The calm after the storm: Implied volatility and future stock index returns
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This article explores the predictive power of five implied volatility indices for subsequent returns on the corresponding underlying stock indices from January 2000 through October 2013. Contrary to previous research, very low volatility levels appear to be followed by significantly positive average returns over the next 20, 40 or 60 trading days. Rolling trading simulations show that positive adjusted excess returns can be achieved when long positions in the stock indices are taken on days of very low implied volatility. This may be a hint that market inefficiencies exist in some markets, especially outside the USA. The excess returns measured against a buy and hold benchmark are significant for the German and Japanese market when tested with a bootstrap methodology. The results are robust against a broad spectrum of specifications.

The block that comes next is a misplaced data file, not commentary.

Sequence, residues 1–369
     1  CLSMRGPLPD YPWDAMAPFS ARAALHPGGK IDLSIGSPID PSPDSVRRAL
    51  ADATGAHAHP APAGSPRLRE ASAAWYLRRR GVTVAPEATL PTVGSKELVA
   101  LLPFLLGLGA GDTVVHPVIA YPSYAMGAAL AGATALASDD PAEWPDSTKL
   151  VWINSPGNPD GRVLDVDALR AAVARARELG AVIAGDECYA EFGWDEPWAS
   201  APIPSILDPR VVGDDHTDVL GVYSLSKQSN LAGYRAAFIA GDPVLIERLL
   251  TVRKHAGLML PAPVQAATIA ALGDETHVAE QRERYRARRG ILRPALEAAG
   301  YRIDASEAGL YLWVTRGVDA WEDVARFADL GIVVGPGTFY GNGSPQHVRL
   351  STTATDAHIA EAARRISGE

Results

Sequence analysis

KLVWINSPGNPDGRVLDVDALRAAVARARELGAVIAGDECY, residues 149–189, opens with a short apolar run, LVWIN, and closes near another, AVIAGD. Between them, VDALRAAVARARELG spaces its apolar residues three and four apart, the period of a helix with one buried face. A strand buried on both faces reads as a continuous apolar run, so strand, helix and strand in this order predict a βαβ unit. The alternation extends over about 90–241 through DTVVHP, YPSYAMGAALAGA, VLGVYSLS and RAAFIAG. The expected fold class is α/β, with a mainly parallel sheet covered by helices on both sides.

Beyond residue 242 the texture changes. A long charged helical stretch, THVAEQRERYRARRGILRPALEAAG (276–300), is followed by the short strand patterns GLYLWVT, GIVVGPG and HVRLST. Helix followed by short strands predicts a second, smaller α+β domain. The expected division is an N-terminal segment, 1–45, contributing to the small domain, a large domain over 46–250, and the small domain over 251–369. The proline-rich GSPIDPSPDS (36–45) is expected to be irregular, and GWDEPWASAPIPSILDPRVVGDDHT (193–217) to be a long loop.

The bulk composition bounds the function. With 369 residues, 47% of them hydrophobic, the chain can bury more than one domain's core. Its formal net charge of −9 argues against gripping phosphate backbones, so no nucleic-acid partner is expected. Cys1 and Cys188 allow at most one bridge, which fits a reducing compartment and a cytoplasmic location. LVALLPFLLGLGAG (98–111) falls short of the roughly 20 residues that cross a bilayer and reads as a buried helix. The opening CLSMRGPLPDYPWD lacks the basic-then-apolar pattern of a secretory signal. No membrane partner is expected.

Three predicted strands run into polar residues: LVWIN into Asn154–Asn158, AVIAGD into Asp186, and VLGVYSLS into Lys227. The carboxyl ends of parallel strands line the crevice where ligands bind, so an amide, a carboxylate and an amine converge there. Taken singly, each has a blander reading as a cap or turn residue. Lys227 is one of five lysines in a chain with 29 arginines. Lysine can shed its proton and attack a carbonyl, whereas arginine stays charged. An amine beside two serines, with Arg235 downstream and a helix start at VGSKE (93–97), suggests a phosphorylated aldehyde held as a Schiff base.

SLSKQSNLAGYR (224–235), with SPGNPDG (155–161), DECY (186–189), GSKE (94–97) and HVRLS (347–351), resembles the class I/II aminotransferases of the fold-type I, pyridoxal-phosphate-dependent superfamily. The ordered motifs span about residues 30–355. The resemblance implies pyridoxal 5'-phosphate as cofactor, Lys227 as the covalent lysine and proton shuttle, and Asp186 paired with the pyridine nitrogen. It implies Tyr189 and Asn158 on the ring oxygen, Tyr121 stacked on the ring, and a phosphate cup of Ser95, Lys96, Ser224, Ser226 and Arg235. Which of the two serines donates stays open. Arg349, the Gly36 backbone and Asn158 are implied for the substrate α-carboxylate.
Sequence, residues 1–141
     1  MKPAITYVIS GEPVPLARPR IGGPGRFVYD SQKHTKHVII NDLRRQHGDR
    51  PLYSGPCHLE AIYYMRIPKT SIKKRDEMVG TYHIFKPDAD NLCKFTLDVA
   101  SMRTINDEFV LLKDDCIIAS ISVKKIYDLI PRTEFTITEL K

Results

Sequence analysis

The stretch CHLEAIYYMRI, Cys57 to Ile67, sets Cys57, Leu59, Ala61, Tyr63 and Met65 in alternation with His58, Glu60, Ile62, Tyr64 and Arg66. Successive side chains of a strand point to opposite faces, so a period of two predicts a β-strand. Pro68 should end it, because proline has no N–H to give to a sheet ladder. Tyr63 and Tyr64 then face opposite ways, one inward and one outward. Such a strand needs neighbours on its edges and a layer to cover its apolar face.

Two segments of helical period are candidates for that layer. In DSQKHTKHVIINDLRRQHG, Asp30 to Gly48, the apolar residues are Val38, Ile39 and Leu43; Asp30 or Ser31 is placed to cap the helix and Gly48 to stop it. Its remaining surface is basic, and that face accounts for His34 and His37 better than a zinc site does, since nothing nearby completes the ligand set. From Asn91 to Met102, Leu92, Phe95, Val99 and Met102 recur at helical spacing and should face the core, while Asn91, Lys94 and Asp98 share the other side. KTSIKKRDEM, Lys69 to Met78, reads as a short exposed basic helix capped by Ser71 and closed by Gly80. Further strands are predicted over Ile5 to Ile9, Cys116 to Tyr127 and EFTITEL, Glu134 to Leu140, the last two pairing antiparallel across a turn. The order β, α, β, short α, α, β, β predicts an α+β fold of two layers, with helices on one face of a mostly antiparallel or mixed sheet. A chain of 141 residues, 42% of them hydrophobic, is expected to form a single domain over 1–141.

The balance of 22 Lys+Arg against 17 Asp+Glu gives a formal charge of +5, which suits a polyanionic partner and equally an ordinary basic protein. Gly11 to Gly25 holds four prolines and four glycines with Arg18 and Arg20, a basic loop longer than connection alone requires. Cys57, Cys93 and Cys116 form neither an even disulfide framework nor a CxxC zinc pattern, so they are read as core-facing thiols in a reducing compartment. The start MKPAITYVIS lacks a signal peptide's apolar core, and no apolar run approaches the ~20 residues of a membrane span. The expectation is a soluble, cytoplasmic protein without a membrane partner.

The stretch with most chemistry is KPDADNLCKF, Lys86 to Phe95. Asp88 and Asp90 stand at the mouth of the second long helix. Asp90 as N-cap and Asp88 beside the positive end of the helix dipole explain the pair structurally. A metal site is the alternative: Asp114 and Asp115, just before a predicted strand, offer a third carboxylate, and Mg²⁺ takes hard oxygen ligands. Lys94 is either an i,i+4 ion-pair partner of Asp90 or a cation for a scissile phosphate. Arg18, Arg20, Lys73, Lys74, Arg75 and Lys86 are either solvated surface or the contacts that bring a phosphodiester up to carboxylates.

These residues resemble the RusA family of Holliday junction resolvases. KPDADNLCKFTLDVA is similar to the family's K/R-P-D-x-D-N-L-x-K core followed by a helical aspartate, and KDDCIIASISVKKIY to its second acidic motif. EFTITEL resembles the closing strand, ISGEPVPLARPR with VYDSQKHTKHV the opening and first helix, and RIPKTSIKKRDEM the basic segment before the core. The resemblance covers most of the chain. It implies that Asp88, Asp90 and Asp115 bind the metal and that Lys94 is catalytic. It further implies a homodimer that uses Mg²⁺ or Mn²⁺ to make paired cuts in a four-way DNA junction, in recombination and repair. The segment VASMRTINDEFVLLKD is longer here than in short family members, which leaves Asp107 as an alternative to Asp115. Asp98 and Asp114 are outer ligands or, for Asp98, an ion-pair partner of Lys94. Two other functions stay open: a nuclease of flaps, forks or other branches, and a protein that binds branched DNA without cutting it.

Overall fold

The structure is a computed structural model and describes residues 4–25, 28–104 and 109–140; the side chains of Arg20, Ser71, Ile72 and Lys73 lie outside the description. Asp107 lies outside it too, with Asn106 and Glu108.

The European Journal of Finance
Copyright 2014 Taylor & Francis (Routledge). This is an Accepted Manuscript of an article published by Taylor & Francis in The European Journal of Finance on 21 Jul 2014, available online: http://www.tandfonline.com/doi/full/10.1080/1351847X.2014.935872